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Media

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October 14, 2007

Media careers can be among the most exciting, challenging, and varied of any, but they demand tremendous flexibility and dedication. People still want the news, but their sources are changing.

Traditional jobs as writers, editors, photographers, and broadcasters still exist, but many of these positions have disappeared or evolved into careers that did not exist a decade or two ago. Learning new skills and being adaptable to market changes are crucial in all forms of media.

Many journalists downsized from newspapers and magazines find work with business, trade, and online publications, or in public relations or advertising, where career prospects are good.

"The market now rewards those with multiple skills," said Kristen Johnson, Boston division director for the Creative Group, a staffing service specializing in advertising, marketing, creative, and Web professionals. Johnson called the field "healthy," and said more than half of executives in these fields plan to add staff during the coming year.

Demand is increasing for people such as Web designers and online art directors with multimedia skills, she said. Hot fields include public relations writers and managers, copywriters, project managers, and graphic designers. Visit journalismjobs.com.

EDITORS

Average salary: $58,870. Pay range depends on type and size of publication.

Demand: Good. Publishing companies, advertising and public relations agencies, corporations, and online and trade magazines need editors.

Qualifications: Journalism, English, communications, or related degree; writing experience, creativity, talent, and ability to work under pressure.

GRAPHIC DESIGNERS

Average salary: $48,810

Demand: Very good. Designers with well-rounded, up-to-date skills in a broad range of coding and interactive design programs are among the most sought-after media professionals.

Qualifications: Bachelor's degree becoming more important; university or art school training, creativity, talent, and facility with latest software applications.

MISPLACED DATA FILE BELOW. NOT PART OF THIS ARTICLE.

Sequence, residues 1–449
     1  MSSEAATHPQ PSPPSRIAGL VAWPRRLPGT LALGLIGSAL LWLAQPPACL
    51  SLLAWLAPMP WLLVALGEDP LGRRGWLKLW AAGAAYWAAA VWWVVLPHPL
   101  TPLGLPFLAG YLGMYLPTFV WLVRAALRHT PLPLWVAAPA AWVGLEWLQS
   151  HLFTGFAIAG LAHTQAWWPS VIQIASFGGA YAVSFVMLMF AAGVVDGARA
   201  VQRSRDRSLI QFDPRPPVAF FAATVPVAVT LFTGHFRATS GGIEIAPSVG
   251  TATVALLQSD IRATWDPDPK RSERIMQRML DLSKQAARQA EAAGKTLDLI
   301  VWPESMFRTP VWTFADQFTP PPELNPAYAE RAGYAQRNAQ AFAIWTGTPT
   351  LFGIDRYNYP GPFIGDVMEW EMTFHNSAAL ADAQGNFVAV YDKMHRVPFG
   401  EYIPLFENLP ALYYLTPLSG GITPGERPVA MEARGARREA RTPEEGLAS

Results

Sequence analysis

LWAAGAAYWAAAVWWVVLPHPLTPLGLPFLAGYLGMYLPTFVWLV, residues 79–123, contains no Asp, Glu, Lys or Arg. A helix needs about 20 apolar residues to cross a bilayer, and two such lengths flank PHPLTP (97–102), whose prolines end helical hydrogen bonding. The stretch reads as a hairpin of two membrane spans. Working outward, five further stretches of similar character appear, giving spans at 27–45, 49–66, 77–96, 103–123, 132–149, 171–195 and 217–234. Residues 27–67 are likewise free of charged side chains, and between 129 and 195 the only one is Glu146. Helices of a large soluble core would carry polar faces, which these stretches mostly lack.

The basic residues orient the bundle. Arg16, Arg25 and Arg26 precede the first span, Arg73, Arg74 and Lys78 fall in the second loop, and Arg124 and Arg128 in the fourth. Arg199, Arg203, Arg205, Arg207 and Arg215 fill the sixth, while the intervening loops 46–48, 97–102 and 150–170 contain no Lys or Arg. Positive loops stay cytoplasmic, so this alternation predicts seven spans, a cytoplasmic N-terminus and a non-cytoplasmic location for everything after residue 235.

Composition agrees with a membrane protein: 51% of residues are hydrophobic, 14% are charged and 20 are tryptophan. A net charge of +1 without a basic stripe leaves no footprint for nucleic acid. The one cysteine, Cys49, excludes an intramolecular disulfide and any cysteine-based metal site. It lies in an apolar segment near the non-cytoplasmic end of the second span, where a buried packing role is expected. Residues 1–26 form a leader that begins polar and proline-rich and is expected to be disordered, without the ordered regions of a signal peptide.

MARKETING, ADVERTISING, AND PUBLIC RELATIONS MANAGERS

Average salary: $119,830 (marketing); $107,050 (advertising); $114,820 (public relations)

Demand: Good. Companies seeking to use the newest communications technologies to expand their businesses and improve competitiveness need experienced, creative managers with business and financial expertise.

Qualifications: Degrees in communications, public relations, journalism, or English; business courses, broad industry experience; MBA preferred.

PHOTOJOURNALISTS AND PHOTOGRAPHERS

Average salary: $38,360. Photographers' pay covers a wide range. While many work part time and struggle to find work, some self-employed and talented professionals who work hard make very good money. Salaried photographers with large or prestigious publications do well.

Demand: Fairly good. While many traditional press jobs have dried up, online, trade, and business publications and Internet options offer opportunities.

Qualifications: Photography or photojournalism degree preferable; talent, creativity, proper training, and skills with technology and equipment.

PUBLIC RELATIONS SPECIALISTS AND PUBLICITY WRITERS

Salary: Average: $60,070

Demand: Good. There is a resurgence of demand for these professionals who help companies improve their image, market their products, and communicate with employees. Those with multimedia skills are highly sought-after. Expertise in healthcare, financial services, or pharmaceuticals improves marketability.

Qualifications: Degree in English, journalism, communications, or business; strong writing and editing skills. Broad software skills are increasingly valuable.

REPORTERS AND CORRESPONDENTS

Salary: Average: $49,370

Demand: Mixed. Online, trade, and business publications offer options as the market for traditional media writing positions grows ever tighter. Competition is tough for most writing work, however.

Qualifications: English or journalism degree standard, but good writers with degrees in political science, economics, business, law, or science often find satisfying work in specialty fields.

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